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Abstract  

The glass transition of lyophilized materials is normally measured by conventional or temperature modulated differential scanning calorimetry (TMDSC). However, because of the weakness of these transitions when protein concentrations are high, these techniques are often unable to detect the glass transition (T g). High ramp rate DSC, where heating rates of 100 K per min and higher are used, has been shown to be able to detect weak transitions in a wide range of materials and has been applied to these materials in previous work. Dynamic mechanical analysis (DMA) is also known to be much more sensitive to the presence of relaxations in materials than other commonly used thermal techniques. The development of a method to handle powders in the DMA makes it now possible to apply this technique to protein and protein-excipient mixtures. HRR DSC, TMA and DMA were used to characterize the glass transition of lyophilized materials and the results correlated. DMA is shown to be a viable alternative to HRR DSC and TMA for lyophilized materials.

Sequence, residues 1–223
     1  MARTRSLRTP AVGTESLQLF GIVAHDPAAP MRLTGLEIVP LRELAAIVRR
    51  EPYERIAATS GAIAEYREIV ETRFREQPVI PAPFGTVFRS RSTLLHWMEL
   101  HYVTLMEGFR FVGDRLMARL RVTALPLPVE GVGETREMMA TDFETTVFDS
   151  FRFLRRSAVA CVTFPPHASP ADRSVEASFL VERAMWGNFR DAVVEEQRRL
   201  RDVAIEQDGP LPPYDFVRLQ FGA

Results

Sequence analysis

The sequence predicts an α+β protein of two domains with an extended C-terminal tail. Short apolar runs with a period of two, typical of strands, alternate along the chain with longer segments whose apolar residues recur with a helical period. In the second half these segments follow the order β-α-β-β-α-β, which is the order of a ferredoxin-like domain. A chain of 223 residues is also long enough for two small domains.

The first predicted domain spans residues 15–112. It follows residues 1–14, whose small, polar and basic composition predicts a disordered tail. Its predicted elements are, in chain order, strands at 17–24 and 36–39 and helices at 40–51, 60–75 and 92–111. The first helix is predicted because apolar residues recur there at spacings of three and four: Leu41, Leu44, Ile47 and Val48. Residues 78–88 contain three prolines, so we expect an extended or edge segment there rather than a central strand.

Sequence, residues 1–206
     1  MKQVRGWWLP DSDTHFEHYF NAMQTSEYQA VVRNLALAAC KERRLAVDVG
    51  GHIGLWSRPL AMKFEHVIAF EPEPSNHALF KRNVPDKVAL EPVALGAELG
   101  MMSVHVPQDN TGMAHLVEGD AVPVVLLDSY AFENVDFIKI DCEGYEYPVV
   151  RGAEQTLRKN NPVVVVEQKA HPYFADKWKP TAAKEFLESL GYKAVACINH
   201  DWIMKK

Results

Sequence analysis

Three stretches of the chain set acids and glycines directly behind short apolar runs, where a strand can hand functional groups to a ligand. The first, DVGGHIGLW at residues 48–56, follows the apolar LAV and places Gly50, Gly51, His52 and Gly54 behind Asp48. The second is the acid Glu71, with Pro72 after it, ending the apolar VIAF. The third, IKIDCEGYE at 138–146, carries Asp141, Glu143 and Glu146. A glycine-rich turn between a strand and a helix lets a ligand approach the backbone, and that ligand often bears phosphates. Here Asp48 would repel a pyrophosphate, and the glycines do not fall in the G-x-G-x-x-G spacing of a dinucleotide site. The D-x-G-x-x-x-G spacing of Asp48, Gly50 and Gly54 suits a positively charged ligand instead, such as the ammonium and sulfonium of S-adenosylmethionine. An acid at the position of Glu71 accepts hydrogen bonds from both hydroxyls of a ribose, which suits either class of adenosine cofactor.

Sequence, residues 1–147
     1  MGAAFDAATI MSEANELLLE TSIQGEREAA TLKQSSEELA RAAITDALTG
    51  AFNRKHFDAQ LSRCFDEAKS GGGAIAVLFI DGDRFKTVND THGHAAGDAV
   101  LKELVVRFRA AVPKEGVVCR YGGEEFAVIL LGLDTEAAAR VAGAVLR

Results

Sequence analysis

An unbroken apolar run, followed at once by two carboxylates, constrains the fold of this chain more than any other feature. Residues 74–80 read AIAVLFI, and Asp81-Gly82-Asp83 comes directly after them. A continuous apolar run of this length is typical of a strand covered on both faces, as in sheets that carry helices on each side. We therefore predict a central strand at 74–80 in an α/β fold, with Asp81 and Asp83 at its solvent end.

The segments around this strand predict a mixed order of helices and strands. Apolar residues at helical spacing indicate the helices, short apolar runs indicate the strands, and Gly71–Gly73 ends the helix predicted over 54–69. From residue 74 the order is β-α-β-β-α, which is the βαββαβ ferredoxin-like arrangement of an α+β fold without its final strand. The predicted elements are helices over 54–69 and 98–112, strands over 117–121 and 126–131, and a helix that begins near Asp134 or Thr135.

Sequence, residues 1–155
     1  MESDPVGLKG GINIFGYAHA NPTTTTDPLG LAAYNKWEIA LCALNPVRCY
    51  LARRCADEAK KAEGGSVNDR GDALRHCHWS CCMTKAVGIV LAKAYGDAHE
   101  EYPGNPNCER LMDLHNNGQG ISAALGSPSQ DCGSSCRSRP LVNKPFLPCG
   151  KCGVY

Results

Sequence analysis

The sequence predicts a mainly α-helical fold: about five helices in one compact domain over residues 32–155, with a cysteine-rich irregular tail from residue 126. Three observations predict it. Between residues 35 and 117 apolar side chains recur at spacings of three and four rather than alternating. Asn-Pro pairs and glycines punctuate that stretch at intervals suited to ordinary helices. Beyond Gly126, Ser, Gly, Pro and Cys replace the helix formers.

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Applications of the new 980 Dynamic mechanical analyser (DMA) to the study of thermoplastic polymers, thermosetting polymers and metal glasses have been discussed in this paper. This instrument has also been used to study impact modified thermoplastics [2] elastomers [3] and metals. DMA is one of the thermo-analytical thechniques available to the research or quality control chemist for evaluating the mechanical properties of materials. With the introduction of the 980 it is anticipated that the disadvantages due to long operation time and complexity inherent in older instrumentation will no longer hold back progress towards the full realisation of the technique.

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Abstract